The Malaysian Anti-Corruption Commission (MACC) says that it is actively pursuing syndicates involved in cloned vehicles. Its deputy chief commissioner of operations, Datuk Seri Mohd Shukri Abdul said that the commission has been cooperating closely with the Road Transport Department (JPJ) after cloned vehicles were first discovered two years ago, The Star reports.
“We opened 34 investigation papers between 2012 and 2015, as we suspected there were elements of corruption in the cloned vehicle syndicates,” the deputy commissioner said. He disclosed that 21 people have since been arrested, while 56 cloned cars have been seized.
Under Section 18 of the MACC Act 2009 and the Penal Code, those involved or in possession of cloned vehicles can be investigated for falsifying documents. Upon conviction, individuals can be jailed for not less than 20 years, along with a fine.
Meanwhile, the Malaysian Automotive Association (MAA) has warned against buying these cloned cars, stating that it was against the law. “If it is too good to be true, it probably is,” said MAA president Datuk Aishah Ahmad. She added that said cars would face issues when it comes to the renewing road tax and obtaining insurance coverage.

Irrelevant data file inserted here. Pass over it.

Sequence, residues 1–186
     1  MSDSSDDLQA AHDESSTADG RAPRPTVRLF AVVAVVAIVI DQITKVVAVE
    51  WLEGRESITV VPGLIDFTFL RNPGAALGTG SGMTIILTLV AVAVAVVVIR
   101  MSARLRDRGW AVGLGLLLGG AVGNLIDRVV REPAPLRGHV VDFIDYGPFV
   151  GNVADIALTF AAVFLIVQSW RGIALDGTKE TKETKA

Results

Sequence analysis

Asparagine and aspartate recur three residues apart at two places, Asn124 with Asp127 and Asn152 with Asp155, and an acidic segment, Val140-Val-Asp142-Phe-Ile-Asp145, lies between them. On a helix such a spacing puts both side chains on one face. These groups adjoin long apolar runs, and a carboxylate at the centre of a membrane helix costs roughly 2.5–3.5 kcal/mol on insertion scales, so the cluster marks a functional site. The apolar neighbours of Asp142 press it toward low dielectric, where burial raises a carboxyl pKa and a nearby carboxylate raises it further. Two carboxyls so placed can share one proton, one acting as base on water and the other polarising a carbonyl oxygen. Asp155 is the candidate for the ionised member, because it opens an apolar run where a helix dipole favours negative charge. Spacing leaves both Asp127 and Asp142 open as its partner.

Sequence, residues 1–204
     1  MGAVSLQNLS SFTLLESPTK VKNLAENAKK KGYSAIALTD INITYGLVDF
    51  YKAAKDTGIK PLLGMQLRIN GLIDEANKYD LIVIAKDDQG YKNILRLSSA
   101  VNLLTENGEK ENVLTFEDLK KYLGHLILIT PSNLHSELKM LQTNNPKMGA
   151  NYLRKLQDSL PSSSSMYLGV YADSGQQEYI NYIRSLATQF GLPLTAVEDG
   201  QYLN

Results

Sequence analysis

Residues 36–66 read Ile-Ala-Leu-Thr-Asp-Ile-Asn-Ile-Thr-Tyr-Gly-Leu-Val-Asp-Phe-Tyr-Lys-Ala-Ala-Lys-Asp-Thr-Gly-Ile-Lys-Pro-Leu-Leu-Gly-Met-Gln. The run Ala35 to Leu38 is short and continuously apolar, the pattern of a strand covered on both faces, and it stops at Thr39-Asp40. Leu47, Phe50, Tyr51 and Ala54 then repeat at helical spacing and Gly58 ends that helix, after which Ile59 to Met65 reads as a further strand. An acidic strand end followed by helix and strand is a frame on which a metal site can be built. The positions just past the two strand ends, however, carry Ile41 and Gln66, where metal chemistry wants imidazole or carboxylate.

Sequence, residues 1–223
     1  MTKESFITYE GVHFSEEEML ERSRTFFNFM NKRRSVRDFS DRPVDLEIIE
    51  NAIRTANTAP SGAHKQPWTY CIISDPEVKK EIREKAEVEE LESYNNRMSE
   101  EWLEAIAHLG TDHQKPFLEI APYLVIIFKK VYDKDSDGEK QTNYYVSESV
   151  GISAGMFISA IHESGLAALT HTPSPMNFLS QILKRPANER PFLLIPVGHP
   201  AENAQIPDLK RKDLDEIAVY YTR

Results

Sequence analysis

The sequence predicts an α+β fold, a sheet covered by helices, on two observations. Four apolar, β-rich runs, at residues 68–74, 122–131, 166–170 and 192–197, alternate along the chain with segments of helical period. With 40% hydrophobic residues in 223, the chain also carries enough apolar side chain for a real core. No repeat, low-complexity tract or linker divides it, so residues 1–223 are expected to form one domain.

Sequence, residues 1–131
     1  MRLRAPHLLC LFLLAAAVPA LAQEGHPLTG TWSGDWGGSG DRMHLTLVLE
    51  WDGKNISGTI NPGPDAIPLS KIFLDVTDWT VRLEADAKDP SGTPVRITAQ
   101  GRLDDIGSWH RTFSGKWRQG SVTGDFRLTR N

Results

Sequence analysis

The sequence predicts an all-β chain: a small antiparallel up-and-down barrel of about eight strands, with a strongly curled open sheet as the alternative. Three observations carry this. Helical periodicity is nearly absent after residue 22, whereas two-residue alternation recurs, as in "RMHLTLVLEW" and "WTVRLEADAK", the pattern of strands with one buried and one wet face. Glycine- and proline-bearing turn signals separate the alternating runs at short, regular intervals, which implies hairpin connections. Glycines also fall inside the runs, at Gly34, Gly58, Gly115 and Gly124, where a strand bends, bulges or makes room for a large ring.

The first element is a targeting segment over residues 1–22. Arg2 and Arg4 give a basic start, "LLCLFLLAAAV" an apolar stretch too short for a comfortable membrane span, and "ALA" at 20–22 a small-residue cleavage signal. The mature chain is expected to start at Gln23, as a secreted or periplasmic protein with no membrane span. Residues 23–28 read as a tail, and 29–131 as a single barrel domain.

On that note, proposals by the JPJ to implement a vehicle ownership certificate system to replace the current registration card system from April 1, 2016, was well-received by the MAA. “The new system will allow car owners to check online on vehicle details. This will make it difficult for cars to be cloned,” she explained.
As for moves to tackle the issue, an embedded smartcode radio frequency identification tag in road tax stickers is being mulled by the JPJ to weed out cloned cars. Another method that is being explored is that of utilising the Vehicle Entry Permit, which is reportedly due be introduced by the middle of 2016. Similarly, the JPJ has set up a special 25-member squad that can spot these vehicles by just looking at them.
Cloned cars are usually foreign vehicles that appear as Malaysian-registered vehicles using identical number plates taken from a similar legitimately-registered model. Approximately 2,000 to 3,000 cloned cars are still on the road, and it is said the government is losing over RM100 million in tax revenue due to this.